Cal fans have spent the past two seasons getting acquainted with running back Isi Sofele. Now it's time to deepen their relationship.
After two years of spot duty, Sofele enters the 2011 season as the Bears' starting tailback as a junior. In recent years, by the time a Cal tailback had taken over a starting role, he had played enough as a backup that the Bears had an idea of what to expect. Not so with Sofele, who has just 81 carries for 420 yards in his career.
With Shane Vereen leaving early for the NFL draft, primary duties suddenly fell to Sofele, a diminutive but strong and quick runner who is yearning for the chance to become the next in a line of productive tailbacks under coach Jeff Tedford.
"I'm ready for this," Sofele said. "I have some big shoes to fill. I feel like I'm going to go out there and achieve greatness. We all have to carry on that legacy."
Each of the past five starting Cal tailbacks became NFL draft picks, with Marshawn Lynch and Jahvid Best going in the first round. At only 5-foot-8, 190 pounds, Sofele doesn't have the measurables to be found on many draft boards. But he does possess excellent strength and has the quickness to be a productive college back.
"He's small but very, very strong," Cal running backs coach Ron Gould said. "He's short in stature, but you can't measure his heart. This young man is going to give us everything he has. I feel good about what Isi is going to bring to the table."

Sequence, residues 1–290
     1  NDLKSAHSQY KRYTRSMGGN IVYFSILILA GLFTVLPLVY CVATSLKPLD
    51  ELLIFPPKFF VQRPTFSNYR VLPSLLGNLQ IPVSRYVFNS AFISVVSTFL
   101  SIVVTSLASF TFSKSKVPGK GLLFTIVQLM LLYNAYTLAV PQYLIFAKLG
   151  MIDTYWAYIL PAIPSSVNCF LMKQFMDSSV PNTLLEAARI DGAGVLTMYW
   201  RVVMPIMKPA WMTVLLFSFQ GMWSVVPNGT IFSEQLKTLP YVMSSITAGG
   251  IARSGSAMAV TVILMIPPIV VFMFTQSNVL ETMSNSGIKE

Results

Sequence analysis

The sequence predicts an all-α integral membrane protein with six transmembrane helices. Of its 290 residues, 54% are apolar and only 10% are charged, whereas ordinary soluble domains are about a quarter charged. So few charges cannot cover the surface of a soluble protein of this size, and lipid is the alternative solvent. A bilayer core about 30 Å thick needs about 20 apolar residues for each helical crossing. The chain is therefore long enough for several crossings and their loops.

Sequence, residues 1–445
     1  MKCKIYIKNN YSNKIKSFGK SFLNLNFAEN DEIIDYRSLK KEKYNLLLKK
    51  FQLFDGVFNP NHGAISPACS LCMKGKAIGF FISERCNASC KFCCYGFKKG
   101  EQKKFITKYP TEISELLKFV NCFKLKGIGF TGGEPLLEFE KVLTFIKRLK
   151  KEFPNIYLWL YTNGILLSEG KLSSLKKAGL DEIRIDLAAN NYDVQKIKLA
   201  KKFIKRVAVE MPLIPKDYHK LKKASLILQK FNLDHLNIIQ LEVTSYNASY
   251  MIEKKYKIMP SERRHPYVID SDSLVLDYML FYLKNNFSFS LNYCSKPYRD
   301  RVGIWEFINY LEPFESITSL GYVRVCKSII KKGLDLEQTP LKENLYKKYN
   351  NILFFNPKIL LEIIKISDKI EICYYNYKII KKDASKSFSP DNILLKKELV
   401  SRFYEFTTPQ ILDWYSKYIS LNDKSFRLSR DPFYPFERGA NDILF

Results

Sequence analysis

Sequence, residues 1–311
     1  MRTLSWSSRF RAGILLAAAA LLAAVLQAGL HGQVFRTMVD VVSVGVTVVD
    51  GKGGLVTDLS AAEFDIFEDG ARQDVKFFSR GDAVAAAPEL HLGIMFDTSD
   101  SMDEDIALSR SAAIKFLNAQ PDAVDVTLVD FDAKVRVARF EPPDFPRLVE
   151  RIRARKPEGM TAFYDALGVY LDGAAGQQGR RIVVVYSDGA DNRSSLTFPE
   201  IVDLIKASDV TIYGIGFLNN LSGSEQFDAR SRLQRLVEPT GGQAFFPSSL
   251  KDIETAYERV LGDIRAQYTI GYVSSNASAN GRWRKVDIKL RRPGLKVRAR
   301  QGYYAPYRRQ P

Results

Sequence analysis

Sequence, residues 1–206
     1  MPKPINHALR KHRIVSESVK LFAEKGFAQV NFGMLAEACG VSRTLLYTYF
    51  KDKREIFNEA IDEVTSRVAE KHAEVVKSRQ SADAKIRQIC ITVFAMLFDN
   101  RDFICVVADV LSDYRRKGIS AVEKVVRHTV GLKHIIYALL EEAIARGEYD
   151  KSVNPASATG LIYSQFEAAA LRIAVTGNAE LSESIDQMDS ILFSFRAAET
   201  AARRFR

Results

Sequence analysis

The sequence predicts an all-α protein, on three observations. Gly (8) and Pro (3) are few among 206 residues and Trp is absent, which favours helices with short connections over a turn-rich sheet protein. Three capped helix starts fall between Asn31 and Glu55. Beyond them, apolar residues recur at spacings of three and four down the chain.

Gould and Tedford have made it a point over the years to give significant reps to a backup tailback, to keep the starter fresh and build experience for another player. In 2005, Justin Forsett rushed for 999 yards -- backing up Lynch.
But Cal went away from that trend last season, partly because of Vereen's durability and partly because Sofele wasn't ready to fulfill that role.
"Isi wasn't quite as ready as he is now," Gould said. "That was part of it. But Shane is a bigger, stronger guy that can handle the workload, so we gave it to him."
There is some uncertainty as to what Sofele can do. He's had double-digit rushing attempts just once in his Cal career, last year when he had 13 carries against UCLA. Some question whether Sofele can withstand the pounding of being an every-down back.
"I'm used to hearing that," Sofele said. "I've been hearing that ever since Pop Warner. Everyone would say I'm too small. I take that and use it to help me. I use it as motivation. I love it when people tell me that I can't do something. I love to prove people wrong."
Gould hopes to return to spreading the carries to at least two running backs this season. Junior Covaughn DeBoskie-Johnson is the backup, and Laney College transfer C.J. Anderson also could push for playing time.
That being said, Cal's coaching staff is confident in giving Sofele 25 carries a game. He became the Bears' No. 1 back as soon as Vereen declared for the draft, and no one has come close to challenging him for that spot.
"There's always competition, but there's been nothing there that has put anybody ahead of him," Tedford said. "I have a lot of confidence in him, but anytime someone new goes in there, there's a learning curve. It's not his first time, but it's his first time in an extended role."